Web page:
Protect your spouse

Young married couples often think they don’t need to make a Will, perhaps because they think they’re too young or that they have nothing to give.

Consider this; you own your home, pay mortgage protection each month and have an additional life support policy. Even if you don’t have a lot right now, should the worst happen and these policies pay out, your estate will suddenly have monetary assets!

Without the Right Will, these assets are likely to pass to your spouse automatically. Even if this is what you’d want to happen anyway, it offers no protection for your assets. This is because the assets that were previously solely yours now belong to your spouse, who is now free to do as they please with what you used to own. Even without intending to, your spouse may do something that leaves your estate vulnerable to losses.

Remarriage after losing your Spouse

After the loss of a spouse, it is common for the remaining spouse to remarry later on. Upon remarriage, assets are often pooled together with those of the new spouse. They may buy a new home, or put the new spouse on the deed of an existing property.

Picture this; the home you own with your current partner is in joint names. One day, you unfortunately pass away, leaving everything to your spouse- including the house. Eventually, your spouse remarries, but passes away shortly afterwards. This leaves the new spouse, perhaps somebody you’d never met, in possession of the house you used to own! Remember, upon marriage, any former Will is revoked, meaning you get no say whatsoever- unless the proper safeguards are in place. This means your children may inherit nothing at all.

There would be ways for your children to take legal action in order to make a claim, but this is time consuming, extremely expensive and there is no guarantee they would be successful.

spouse protection

Unmarried Partners

Unfortunately, unmarried partners do not have the same protection as married couples when it comes to inheritance. This is often discovered too late, which is why making a Will is vital for unmarried couples. The laws of intestacy only recognise marriages and civil partnerships- cohabiting alone is not enough to ensure your partner will receive your estate once you’re gone.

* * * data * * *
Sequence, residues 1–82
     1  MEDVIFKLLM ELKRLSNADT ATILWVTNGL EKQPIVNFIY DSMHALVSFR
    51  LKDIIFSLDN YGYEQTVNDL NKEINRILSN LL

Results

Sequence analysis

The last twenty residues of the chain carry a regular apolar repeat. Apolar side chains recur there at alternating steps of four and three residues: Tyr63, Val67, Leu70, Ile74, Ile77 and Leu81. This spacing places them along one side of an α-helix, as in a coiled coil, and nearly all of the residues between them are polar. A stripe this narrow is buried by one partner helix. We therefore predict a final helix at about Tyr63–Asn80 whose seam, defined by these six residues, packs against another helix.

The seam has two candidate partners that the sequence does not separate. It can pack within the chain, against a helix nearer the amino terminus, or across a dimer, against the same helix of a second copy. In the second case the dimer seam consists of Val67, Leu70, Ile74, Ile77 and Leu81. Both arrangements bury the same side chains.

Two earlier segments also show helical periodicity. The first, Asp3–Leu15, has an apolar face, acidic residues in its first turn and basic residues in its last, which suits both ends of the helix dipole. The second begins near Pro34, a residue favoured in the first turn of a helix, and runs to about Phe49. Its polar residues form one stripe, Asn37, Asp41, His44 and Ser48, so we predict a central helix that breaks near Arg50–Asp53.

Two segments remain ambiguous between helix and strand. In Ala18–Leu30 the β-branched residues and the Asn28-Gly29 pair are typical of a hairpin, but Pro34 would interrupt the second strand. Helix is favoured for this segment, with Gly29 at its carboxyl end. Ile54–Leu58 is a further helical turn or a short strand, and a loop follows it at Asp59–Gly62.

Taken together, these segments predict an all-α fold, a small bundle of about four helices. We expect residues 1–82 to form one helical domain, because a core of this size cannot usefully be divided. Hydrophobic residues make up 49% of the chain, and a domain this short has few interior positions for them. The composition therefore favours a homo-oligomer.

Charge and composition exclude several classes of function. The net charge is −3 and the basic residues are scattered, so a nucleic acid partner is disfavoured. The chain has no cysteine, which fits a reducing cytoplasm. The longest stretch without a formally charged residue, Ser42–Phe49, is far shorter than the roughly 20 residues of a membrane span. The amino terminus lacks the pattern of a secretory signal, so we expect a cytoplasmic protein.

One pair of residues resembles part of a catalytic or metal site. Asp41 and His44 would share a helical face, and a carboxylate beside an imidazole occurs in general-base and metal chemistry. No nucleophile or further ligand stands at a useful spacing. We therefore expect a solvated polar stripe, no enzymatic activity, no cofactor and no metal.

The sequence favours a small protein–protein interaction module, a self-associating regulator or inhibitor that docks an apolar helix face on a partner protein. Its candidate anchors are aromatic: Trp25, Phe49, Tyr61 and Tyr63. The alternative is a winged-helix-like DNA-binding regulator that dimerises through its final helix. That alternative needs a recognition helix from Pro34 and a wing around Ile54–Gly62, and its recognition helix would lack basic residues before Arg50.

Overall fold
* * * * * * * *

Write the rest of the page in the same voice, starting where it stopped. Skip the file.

Legal proceedings are expensive and lengthy, and there’s no guarantee your partner will be successful. Making the Right Will is a much safer, more secure and cost effective method of ensuring your assets go to those you choose.

Making your Will now can help ensure that your unmarried partner will be financially secure after you’re gone.

Divorced or Separated?

If you are divorced, it is very important that you consider the assets and savings you now hold under your own name. You may have children that need protecting, especially if you decide to remarry or cohabit. Your Will must accommodate this; ensure that you update your Will to reflect your marital status.

If you are separated, but there is no final legal settlement, your ex-spouse could still have a claim to your estate. This is why it is vital to update your Will whenever your life undergoes a big change that could affect inheritance.

Civil Partners

Civil Partners have the same rights as married couples when it comes to inheritance. However, your estate is still susceptible to losses to care fees, local authority means testing, inheritance tax and other claims when the second partner passes away, substantially reducing inheritance for their beneficiaries. Therefore, whatever your circumstances, making a comprehensive and protective Will is much safer than leaving it to chance.

Having the “Right” Will is a very important part of your life planning. Make the Right Will today and ensure your assets pass to those you love; not those you don’t.

 

Need Help? Find a consultant near you.

We have consultants all over the country, available to meet you at a time that suits you – even in the comfort of your own home. Click here to find your nearest Accord consultant.

Care Fees

If you need long term care in the future your assets will be assessed to determine if you will be entitled to funded care or whether you are deemed to be able to afford your own care.

Find out more...